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THE LABYRINTH It is easy to imagine that the great labyrinth, winding round an entire island in the northern ocean, is the reason behind the fleeting, solitary existence of those who live in it, but this does not explain why they built it in the first place. Perhaps they really did want to lose themselves. Without plan or conference, the early settlers constructed mazes alongside the first houses and roads as if, for them, the unexpected was as essential to life as food or sleep. Maybe the labyrinths were never separate from the houses at all but began as unusually shaped rooms, which were extended into the gardens and across the streets, so that neighbours could meet each other accidentally in their own homes. Before long, there were no ordinary houses left and the scattered villages were connected by a warren of meandering walkways and dead ends. The living spaces became part of the walls until the only way to build a new room was to brick off a section of the maze and add a door on either side, so that pedestrians could still pass through unhindered. Eventually, the walls became a continuous structure. The labyrinth did not enter the world’s history books until it was discovered accidentally by a band of fugitive sailors. By then, it was already well established in its current form but for how long and why, no one can say. The islanders do not keep records of their past. As far as they are concerned, they have none. Those who came before and those who will follow, have lived and will live as they do. The court transcripts from the trial, which the crew faced 1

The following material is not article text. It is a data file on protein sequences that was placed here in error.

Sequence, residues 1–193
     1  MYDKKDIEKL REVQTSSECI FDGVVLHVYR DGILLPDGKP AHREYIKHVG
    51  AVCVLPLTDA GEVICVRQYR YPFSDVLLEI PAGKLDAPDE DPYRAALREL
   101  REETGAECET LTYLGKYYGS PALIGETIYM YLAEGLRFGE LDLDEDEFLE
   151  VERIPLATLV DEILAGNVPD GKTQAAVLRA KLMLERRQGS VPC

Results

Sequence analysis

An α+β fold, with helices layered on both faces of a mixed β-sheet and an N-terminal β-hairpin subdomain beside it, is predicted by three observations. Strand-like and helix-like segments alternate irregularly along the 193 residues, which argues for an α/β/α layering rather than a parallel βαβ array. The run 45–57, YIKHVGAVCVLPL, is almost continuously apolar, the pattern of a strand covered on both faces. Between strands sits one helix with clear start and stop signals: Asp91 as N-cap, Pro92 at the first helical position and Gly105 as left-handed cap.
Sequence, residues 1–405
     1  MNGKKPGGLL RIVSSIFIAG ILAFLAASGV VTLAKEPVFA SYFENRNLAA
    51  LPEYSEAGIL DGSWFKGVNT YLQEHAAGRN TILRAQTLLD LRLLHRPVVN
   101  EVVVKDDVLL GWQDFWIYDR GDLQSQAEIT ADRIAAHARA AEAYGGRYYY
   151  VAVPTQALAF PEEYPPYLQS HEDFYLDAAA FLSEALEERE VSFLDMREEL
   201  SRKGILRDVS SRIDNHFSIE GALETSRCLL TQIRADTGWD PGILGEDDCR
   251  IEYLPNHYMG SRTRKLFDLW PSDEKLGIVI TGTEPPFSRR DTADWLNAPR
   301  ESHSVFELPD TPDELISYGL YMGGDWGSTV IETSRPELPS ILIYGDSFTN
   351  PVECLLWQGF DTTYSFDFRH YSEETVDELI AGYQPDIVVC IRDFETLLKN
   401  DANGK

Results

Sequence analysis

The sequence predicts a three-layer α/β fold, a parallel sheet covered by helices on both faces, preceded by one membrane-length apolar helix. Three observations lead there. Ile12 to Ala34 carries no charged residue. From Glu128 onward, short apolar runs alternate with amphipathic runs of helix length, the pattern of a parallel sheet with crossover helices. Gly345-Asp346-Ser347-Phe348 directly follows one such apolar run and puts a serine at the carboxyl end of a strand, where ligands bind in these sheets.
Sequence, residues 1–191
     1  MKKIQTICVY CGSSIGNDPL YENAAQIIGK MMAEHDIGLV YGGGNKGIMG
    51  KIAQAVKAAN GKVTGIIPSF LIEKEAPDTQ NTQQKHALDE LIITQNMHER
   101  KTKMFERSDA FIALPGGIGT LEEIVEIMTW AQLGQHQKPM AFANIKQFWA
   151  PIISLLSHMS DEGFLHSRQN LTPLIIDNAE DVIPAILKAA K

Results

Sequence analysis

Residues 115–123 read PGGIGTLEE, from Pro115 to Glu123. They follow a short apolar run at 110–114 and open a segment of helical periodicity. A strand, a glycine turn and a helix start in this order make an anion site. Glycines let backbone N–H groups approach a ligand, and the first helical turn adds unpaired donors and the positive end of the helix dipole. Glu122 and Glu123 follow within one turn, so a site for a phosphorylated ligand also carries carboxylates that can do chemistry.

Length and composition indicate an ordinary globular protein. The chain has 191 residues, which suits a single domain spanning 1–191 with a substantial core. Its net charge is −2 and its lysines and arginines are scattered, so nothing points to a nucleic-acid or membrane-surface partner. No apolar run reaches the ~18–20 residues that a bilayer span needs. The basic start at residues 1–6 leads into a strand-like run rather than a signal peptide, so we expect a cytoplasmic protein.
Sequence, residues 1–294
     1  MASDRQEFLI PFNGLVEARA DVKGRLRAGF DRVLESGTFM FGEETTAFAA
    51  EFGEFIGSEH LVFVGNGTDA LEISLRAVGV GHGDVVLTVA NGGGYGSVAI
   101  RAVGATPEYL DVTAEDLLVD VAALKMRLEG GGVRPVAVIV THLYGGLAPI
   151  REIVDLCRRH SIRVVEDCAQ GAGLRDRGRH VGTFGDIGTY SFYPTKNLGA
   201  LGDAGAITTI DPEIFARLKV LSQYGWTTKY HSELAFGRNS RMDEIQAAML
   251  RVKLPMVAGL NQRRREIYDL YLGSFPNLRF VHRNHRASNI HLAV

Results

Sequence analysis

L is for Labyrinth  
L is for Labyrinth  

L is for Labyrinth is a short story which is part of the book an a-z of possible worlds